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Maryland’s General Assembly Overrides “Ban the Box” Veto – What’s Next for Employers

By Fiona W. Ong & Elizabeth Torphy-Donzella - Shawe Rosenthal LLP

February 3, 2020

On January 30, 2020, the Maryland General Assembly voted to override Governor Hogan’s veto of the “Ban the Box” bill that was passed in the last legislative session, just as we predicted. The law will prohibit employers in Maryland from inquiring about an applicant’s criminal history until later in the application process. It takes effect on February 29, 2020, and Maryland employers should prepare now to comply with the new requirements.

What the Law Does. The “box” refers to the box contained on many employment applications, which must be checked if the applicant has a criminal record. This bill is intended to give those with criminal records a better chance at finding jobs by prohibiting employers with 15 or more employees from asking about an individual’s criminal record prior to the first in-person interview. During that interview, however, such information may be required to be disclosed.

“Employment” is defined as any work for pay and any form of vocational or educational training, with or without pay.  It includes contractual, temporary, seasonal, or contingent engagements, as well as those engage through temporary or other employment agencies.

“Criminal record” is defined as: an arrest; a plea or verdict of guilty; a plea of nolo contendere (i.e. no contest); the marking of a charge “STET” on the docket (i.e. no further prosecution); a disposition of probation before judgment; or a disposition of not criminally responsible.

The bill provides for exceptions to the prohibition where an employer is required or authorized to seek such information by Federal or State law or where an employer provides programs, services, or direct care to minors or vulnerable adults. In these cases, the employer may require the disclosure of a criminal record upon application.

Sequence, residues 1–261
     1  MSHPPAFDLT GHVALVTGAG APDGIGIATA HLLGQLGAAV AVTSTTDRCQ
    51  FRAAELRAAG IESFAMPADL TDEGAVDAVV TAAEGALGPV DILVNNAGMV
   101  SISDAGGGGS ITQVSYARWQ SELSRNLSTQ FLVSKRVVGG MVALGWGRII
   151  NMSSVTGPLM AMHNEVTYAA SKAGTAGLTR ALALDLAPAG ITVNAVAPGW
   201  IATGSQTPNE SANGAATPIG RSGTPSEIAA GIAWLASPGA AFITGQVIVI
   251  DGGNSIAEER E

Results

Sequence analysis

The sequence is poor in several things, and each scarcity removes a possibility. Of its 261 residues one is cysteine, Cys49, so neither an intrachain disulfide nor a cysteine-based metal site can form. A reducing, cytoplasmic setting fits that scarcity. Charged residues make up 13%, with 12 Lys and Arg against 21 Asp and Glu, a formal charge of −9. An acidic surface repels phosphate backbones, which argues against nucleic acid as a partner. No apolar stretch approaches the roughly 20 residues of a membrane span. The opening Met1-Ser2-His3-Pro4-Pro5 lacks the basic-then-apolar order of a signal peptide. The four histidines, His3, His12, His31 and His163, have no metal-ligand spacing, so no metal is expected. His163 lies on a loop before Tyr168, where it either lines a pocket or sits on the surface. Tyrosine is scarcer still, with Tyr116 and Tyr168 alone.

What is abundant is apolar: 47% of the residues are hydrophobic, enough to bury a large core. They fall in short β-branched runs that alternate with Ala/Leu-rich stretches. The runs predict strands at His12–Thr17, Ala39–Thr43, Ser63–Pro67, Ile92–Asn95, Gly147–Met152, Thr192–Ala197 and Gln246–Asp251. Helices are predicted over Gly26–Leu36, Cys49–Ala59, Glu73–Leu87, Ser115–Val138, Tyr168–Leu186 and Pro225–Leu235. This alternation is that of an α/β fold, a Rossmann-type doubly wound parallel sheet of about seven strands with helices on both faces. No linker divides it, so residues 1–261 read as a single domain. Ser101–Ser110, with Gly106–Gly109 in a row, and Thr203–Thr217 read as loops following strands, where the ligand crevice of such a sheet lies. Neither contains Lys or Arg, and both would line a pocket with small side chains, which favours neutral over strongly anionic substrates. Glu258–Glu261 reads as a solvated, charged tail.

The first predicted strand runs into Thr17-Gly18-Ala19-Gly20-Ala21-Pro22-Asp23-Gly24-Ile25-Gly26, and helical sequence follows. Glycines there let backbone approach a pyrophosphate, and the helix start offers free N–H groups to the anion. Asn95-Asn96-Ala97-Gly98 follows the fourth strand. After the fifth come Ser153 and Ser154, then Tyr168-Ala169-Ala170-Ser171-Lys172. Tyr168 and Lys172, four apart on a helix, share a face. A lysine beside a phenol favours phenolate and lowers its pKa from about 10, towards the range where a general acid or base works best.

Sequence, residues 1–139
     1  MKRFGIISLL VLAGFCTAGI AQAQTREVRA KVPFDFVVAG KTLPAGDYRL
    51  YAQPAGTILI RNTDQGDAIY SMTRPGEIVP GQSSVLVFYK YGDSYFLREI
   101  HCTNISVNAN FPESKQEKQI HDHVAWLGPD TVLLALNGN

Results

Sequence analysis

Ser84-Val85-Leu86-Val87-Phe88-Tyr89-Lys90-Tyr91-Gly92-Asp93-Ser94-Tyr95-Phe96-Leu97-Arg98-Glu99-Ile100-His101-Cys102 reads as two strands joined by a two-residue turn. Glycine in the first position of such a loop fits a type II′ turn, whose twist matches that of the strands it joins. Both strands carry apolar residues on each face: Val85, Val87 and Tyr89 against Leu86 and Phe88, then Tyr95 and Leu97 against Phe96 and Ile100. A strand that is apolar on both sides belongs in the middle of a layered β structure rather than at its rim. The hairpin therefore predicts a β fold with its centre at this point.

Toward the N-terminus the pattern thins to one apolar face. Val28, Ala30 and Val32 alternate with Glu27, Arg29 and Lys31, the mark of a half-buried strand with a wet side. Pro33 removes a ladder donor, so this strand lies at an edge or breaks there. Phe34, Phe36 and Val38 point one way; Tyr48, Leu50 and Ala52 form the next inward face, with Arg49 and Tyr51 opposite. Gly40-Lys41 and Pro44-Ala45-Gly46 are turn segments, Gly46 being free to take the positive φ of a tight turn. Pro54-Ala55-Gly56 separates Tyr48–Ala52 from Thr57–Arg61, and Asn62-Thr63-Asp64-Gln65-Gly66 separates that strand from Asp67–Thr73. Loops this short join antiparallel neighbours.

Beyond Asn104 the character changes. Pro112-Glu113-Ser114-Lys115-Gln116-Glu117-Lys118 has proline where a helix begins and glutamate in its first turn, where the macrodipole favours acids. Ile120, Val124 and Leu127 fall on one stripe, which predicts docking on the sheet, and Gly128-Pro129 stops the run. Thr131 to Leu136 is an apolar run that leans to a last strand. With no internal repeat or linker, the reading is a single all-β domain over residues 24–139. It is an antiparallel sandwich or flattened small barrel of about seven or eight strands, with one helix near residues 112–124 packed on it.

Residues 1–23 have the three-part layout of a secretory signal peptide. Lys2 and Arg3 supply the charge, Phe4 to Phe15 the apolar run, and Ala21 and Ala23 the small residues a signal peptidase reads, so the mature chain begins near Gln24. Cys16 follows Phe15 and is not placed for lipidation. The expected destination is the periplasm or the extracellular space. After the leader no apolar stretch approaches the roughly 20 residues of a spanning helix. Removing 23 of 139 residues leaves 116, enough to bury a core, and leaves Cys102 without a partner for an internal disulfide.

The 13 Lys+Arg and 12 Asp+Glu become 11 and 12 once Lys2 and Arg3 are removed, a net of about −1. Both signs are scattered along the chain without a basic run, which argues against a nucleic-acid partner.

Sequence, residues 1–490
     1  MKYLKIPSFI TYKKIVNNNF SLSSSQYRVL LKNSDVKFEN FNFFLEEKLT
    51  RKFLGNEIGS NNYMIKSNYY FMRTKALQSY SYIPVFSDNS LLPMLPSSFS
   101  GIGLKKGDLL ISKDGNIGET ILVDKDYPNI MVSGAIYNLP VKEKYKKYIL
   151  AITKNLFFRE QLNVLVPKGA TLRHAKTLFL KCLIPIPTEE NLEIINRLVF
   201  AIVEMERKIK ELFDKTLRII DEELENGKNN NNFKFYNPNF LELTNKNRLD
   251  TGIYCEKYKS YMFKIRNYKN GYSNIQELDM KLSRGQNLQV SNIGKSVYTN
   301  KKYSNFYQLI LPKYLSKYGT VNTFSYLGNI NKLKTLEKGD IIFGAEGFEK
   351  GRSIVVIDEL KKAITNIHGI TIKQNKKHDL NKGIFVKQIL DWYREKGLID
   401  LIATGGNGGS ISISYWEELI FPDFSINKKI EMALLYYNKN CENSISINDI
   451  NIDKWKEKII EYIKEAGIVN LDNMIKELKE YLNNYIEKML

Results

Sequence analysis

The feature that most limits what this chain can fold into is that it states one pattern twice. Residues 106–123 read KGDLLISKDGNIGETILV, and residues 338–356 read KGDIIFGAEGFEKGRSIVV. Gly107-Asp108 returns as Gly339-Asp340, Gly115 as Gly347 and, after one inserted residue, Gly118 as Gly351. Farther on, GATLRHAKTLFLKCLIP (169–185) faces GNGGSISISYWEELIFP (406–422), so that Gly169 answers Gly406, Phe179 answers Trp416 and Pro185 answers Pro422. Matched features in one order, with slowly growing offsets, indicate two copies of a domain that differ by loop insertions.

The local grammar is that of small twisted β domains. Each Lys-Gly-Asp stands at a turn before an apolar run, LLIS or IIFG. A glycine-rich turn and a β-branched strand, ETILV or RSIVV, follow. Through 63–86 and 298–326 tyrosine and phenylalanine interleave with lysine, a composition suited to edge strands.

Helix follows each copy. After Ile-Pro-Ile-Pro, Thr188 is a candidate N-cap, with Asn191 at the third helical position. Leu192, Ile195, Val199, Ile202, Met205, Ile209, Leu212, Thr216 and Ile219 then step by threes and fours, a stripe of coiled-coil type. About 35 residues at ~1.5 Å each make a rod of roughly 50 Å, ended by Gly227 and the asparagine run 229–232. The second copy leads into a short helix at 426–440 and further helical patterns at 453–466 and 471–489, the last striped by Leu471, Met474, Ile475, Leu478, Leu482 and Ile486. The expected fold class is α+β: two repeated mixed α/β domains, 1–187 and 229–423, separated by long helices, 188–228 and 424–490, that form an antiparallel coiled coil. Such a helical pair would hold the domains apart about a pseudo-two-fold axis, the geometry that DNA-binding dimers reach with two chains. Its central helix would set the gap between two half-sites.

Employers are also prohibited from retaliating or discriminating against an applicant or employee for claiming a violation of this law. The Commissioner of Labor and Industry may assess a civil penalty of up to $300 for each applicant or employee as to whom there was a violation. The law does not allow applicants to bring a lawsuit against employers for violations.

No Preemption of Local Laws. Of note, the bill specifically does not preempt any local ban-the-box laws, such as those previously enacted by Baltimore City, Prince George’s County, and Montgomery County. Those local laws impose greater restrictions on employers than this bill. (Now is also a good time for employers in Baltimore City, Prince George’s County, and Montgomery County to ensure that they are complying with the requirements of those laws). It is possible that the business community will seek to revise the law to include such preemption during the current legislative session.

Use of Criminal History Information

Once an employer is legally able to receive the criminal history information, whether directly from the applicant or through a background check (at or after the in-person interview), the employer still must be careful in using the information to disqualify an applicant from further consideration for employment. The Equal Employment Opportunity Commission has targeted policies that automatically disqualify applicants based on criminal background, asserting that such policies have a disparate impact on minority applicants, who are statistically more likely to have a criminal record.

According to the EEOC, which has issued an Enforcement Guidance on Consideration of Arrest and Conviction Records in Employment Decisions Under Title VII of the Civil Rights Act of 1964, an employer may not rely on arrests in making hiring decisions, and convictions must be job-related in order to be disqualifying. There are three factors that the EEOC deems relevant: